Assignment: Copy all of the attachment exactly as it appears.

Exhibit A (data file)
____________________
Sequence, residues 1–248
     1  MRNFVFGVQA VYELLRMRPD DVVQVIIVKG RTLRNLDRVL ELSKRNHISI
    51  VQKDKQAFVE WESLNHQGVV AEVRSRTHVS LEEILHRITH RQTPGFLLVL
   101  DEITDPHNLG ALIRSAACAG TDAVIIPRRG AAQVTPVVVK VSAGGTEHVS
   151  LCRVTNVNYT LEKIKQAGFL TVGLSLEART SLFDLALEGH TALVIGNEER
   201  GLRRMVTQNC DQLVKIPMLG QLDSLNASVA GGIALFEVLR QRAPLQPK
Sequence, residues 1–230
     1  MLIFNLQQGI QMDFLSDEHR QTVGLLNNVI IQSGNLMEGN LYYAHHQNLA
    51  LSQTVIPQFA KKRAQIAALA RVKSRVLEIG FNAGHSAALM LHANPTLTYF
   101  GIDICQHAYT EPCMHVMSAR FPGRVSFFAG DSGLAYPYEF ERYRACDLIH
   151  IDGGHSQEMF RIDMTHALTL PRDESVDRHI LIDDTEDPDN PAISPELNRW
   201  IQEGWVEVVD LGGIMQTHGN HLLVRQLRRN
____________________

Sequence, residues 1–248
     1  MRNFVFGVQA VYELLRMRPD DVVQVIIVKG RTLRNLDRVL ELSKRNHISI
    51  VQKDKQAFVE WESLNHQGVV AEVRSRTHVS LEEILHRITH RQTPGFLLVL
   101  DEITDPHNLG ALIRSAACAG TDAVIIPRRG AAQVTPVVVK VSAGGTEHVS
   151  LCRVTNVNYT LEKIKQAGFL TVGLSLEART SLFDLALEGH TALVIGNEER
   201  GLRRMVTQNC DQLVKIPMLG QLDSLNASVA GGIALFEVLR QRAPLQPK
Sequence, residues 1–230
     1  MLIFNLQQGI QMDFLSDEHR QTVGLLNNVI IQSGNLMEGN LYYAHHQNLA
    51  LSQTVIPQFA KKRAQIAALA RVKSRVLEIG FNAGHSAALM LHANPTLTYF
   101  GIDICQHAYT EPCMHVMSAR FPGRVSFFAG DSGLAYPYEF ERYRACDLIH
   151  IDGGHSQEMF RIDMTHALTL PRDESVDRHI LIDDTEDPDN PAISPELNRW
   201  IQEGWVEVVD LGGIMQTHGN HLLVRQLRRN